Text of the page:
Happy Birthday, Lance Henriksen...
I name drop Lance Henriksen’s moniker quite a bit, usually in despair that someone isn’t giving this fine actor better roles. (I remain flummoxed particularly that the producers of Deadwood, a show that seems to specialize in casting well-known character and B-movie actors—Brad Dourif, Jeffrey Jones, Keith Carradine, Ricky Jay, Titus Welliver, Peter Coyote, William Sanderson, Powers Booth, Alice Krige [and that’s just the first season!]—hasn’t found a part for this guy.)
The gravelly-voiced Mr. Henriksen popped up in several early James Cameron films, and played the hero in the director’s first, Piranha II: The Spawning. Henriksen was Cameron’s initial choice to play the killer robot in The Terminator, and purely in story terms, would have been a lot more logical choice than Arnold Schwarzenegger. Instead, Henriksen played one of the cops slaughtered in the raid on the police station. Perhaps his biggest sci-fi role was as the android Bishop in Camerson’s Aliens.
Henriksen remains best know for his genre work, and his horror and sci-fi credits are extensive: Mansion of the Doomed, Close Encounters of the Third Kind, Damien: Omen II, The Visitor, Nightmares, The Terminator, Savage Dawn, Aliens, Near Dark, Pumpkinhead, The Horror Show, The Pit and the Pendulum, Alien 3, Super Mario Brothers, Man’s Best Friend, and many more. Sadly, though, as noted above, he now generally appears in tepid DTV fare.
However, if he is best know for his genre work, Henriksen has also appeared in his share of more mainstream movies: Dog Day Afternoon, The Right Stuff, Prince of the City and The Quick and the Dead. He also played the villain in two very fun action flicks, Stone Cold and Hard Target. Like most character actors that have hung around long enough, Henriksen has worked for the best of directors (Cameron, Spielberg, Philip Kaufman) and the worst (Albert Pyun).
Probably his signature role, however, came via fizzled TV wunderkind Chris Carter, who followed up The X-Files by casting Henriksen as the lead character, Frank Black, in the highly anticipated Millennium. (Which also starred another actor much like Henriksen, Terry O’Quinn. The latter has had rather more luck, lately, as one of the stars of TV’s hottest show, Lost.)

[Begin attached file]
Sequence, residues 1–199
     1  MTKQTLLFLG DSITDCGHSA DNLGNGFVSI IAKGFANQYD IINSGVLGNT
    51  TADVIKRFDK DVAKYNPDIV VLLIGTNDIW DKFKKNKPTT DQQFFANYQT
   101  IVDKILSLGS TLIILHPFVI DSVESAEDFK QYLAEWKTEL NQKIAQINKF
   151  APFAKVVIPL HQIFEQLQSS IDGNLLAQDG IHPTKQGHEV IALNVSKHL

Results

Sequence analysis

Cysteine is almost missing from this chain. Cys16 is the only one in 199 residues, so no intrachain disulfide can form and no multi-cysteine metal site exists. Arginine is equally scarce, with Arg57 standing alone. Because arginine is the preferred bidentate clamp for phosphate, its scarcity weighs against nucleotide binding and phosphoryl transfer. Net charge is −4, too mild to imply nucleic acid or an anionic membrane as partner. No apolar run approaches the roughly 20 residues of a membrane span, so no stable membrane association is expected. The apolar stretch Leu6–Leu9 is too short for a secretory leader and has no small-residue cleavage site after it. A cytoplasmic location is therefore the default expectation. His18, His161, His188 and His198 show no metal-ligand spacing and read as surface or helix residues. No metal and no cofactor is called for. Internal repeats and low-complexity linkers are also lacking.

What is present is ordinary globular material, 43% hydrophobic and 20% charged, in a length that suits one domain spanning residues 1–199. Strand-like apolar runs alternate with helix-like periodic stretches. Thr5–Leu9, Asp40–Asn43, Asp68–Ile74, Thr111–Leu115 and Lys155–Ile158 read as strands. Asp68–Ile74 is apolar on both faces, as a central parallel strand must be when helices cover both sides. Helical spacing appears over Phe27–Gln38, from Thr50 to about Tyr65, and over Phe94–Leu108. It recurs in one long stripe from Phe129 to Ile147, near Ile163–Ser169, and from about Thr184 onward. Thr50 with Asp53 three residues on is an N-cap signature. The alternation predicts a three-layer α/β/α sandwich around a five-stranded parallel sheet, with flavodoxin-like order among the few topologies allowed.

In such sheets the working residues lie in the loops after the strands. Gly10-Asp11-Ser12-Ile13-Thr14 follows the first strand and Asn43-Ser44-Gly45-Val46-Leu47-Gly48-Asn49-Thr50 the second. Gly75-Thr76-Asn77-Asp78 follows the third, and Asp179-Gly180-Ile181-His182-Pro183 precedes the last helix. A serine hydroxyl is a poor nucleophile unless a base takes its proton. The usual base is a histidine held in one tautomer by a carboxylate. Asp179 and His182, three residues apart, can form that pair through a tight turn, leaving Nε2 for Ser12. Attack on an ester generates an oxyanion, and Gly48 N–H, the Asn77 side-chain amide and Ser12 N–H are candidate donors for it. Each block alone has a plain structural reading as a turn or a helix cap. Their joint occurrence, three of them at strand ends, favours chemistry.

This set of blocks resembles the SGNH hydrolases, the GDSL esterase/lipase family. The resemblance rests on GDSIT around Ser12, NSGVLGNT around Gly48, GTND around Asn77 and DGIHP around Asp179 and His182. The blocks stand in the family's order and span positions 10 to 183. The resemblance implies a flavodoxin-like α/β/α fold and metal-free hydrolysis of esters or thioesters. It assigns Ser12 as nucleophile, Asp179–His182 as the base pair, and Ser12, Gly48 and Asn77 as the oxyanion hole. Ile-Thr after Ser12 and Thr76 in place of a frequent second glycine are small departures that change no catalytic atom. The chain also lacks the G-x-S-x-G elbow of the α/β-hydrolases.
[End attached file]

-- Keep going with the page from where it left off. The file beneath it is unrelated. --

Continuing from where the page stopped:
The show ran for four years, and had some great episodes. However, the ratings never were as high as they could have been, and this led to tampering with the program’s basic storyline with each new season. They never found the right mix, and eventually the show was allowed to die. Carter and Henriksen later provided an elegiac coda to the series when Black later appeared on an episode of The X-Files.
Mr. Henriksen is one of the few actors working today—Tony Todd being another—who in another era (pretty much anything through the ‘70s) had the chops and charisma to have become an old-school horror star. Instead, the breed seemed to die with Donald Pleasance, mostly because most schlock horror now is direct-to-video stuff rather than theatrical releases. As well, this product is far more boring and cookie cutter than it used to be. As objectively bad as the poverty row fare churned out by Bela Lugosi and (to a lesser extent) Boris Karloff back in the ‘30s and ‘40s, at least that stuff retains a certain charm about it.
Sadly, however, Henriksen has lately been in stuck in mostly tiresome cheapies generally only elevated by his own presence. When Alien vs. Predator is the biggest title on your résumé for the last ten years, something has gone horribly awry. While both Henriksen and his fans must be at least pleased that he continues to work steadily—he has four films listed as being in pre-production on the IMDB, including two Pumpkinhead sequels, and 40 credit listings since 2000 alone—one could certainly wish the actor was getting the sort of roles worthy of his talents.
Mr. Henriksen is 66 today. Someday he will no longer be with us, and people will look back and mourn that his talents were so tragically wasted over the last decades of his life.